Dear Richard: Help Me Get Wood

By: Dear Dick
9.16.2012

Dear Dick,
I am wondering if you could comment on the following: I have no trouble getting an erection. But when in bed with another guy, often I can't stay hard, even if I use Viagra, or similar. I wonder if it's too much porn? I watch a lot of porn as I don't get together with another guy often. But it's become a real concern. On top of it, when I do stay hard I don't orgasm. What should I do?

Signed,
Help Me Get Wood

 

Dear Help Me,
Let's roll up our sleeves and see if we can get you some help!

Looking at the porn part first: Porn is handy (ahem) stuff. But it can also be a crutch or an escape hatch. Lots of guys watch porn and expect that their sex lives will unfold like the scenes they see on the screen. Having worked as a consultant on adult film sets for decades, I can tell you that what you see is a highly edited product. You don't see the insecurities, the flop sweat, the cranky attitudes, and the wilting penises.

One problem with being acculturated to porn sex is that many guys think if they are not doing the same stuff the porn actors do — in the same order, and with the same noises — that they are not having good sex. They have let the porn dictate what sex is to them.

I came of age when porn was very difficult to get a hold of. It wasn't streaming on Dad's computer in the den. You couldn't buy it on the newsstand. We had to muddle our way into sex with our own imagination.

Nowadays, a lot of kids have seen "Two Girls, One Cup" before they hit high school. It adds a lot of pressure to what should be a wonderful exploratory experience. Also, with all this exposure to sex before one has actually had it, the expectation that you will hit the ground running in your first sexual experiences can be really penis-numbing.

A daily menu of porn can also convince you that intimacy is like a side dish: Order some up if you like, but it's not required. You didn't mention if you are having trouble with getting hard with guys you are dating, or much briefer encounters.

That leads us into the next area to explore that is often part of the erection problem: Intimacy. Many guys have trouble getting hard with another guy they are dating, but no problem with a more casual situation, like a hook-up, or a sex club. Some guys can only do the intimate act, the casual encounter makes them go dead down there. And some guys just have spectacular cardiovascular congestion no matter what the situation their cocks are in. (See porn, above.)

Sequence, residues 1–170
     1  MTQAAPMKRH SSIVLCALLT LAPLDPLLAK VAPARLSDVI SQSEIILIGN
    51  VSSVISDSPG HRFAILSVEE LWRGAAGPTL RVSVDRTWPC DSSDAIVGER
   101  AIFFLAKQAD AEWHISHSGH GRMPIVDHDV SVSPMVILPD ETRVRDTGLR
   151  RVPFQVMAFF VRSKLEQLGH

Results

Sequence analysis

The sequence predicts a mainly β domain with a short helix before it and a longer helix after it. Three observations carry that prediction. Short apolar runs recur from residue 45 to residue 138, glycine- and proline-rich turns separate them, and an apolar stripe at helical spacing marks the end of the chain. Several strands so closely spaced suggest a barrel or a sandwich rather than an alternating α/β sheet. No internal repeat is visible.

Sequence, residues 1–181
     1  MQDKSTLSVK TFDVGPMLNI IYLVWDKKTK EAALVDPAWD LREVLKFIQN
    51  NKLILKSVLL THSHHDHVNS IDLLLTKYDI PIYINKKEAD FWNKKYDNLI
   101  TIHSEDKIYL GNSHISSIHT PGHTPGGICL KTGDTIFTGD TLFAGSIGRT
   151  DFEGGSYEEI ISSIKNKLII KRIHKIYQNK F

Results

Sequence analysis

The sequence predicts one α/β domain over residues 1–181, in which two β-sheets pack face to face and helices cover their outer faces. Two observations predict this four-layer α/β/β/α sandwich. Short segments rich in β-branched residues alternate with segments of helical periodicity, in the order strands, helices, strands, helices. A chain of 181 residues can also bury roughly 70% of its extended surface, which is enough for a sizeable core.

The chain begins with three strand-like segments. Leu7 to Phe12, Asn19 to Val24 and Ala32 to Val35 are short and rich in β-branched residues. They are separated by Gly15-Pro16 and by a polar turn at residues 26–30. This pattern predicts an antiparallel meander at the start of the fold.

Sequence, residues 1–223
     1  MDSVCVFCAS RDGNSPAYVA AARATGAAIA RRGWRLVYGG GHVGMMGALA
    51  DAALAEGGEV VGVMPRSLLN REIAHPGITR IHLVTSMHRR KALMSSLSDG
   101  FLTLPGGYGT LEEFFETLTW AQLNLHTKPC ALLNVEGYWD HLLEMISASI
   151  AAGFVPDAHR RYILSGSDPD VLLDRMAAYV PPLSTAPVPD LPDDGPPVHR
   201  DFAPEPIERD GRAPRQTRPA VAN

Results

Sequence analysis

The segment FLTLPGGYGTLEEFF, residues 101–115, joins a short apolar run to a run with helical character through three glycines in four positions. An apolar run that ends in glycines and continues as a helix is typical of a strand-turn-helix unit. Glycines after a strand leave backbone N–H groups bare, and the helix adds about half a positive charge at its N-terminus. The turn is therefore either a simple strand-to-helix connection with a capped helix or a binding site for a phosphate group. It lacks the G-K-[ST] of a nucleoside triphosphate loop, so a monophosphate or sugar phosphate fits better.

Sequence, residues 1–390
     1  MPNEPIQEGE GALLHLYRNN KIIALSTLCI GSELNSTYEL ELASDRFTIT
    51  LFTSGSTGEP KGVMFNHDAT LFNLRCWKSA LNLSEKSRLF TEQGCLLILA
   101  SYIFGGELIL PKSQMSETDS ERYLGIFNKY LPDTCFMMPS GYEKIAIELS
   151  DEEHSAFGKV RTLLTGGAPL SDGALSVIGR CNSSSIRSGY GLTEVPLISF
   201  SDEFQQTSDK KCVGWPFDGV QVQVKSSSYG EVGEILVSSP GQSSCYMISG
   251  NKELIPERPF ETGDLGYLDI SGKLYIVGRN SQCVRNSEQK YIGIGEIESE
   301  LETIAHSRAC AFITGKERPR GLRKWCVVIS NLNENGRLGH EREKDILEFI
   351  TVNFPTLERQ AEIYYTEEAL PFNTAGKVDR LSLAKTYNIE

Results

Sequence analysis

If you are having more trouble with casual encounters, try a slower getting-to-know-you-better type situation. Move much more slowly toward sex. Try investing more time in sensual interplay, kissing, holding and stroking, before you add penetration into the mix. Concentrate on your partner's pleasure. If you get hard in fast-food-type sex with no problem, but sex with guys you are getting close to is a problem, again, try going much more slowly. Let your partner know what's up, make the process part of the growing intimacy. If a guy you are dating isn't willing to take those steps with you, maybe they are not a great choice for a partner.

Some men are unaware of their reluctance toward intimacy. The body has a truth of its own that is difficult to ignore. Fears around sex and closeness are not seen as "masculine" but they may need more investigation. That you can get hard when you are alone would indicate that it's not a physical problem. Viagra may not help that and may only add another crutch. Try to be interested in how your body is communicating with you to help it get what it wants.

And finally, it can always be helpful to seek counseling around this stuff. It's not required, but if you are having gay sex issues, it might be best to seek a gay shrink. Your local gay center is a good place to begin to look for a source for recommendations.

 

Dear Richard is not a medical doctor, a licensed psychiatrist, a counselor, a reverend, or a rabbi. He has not been evaluated by the FDA, the CDC, or the BBC, and his words are not intended to diagnose or treat any condition. The information is for educational purposes only and it not intended to serve as medical advice. Dear Richard does, however, love hearing from you and answering your questions. Leave a comment or send him an e-mail.
 

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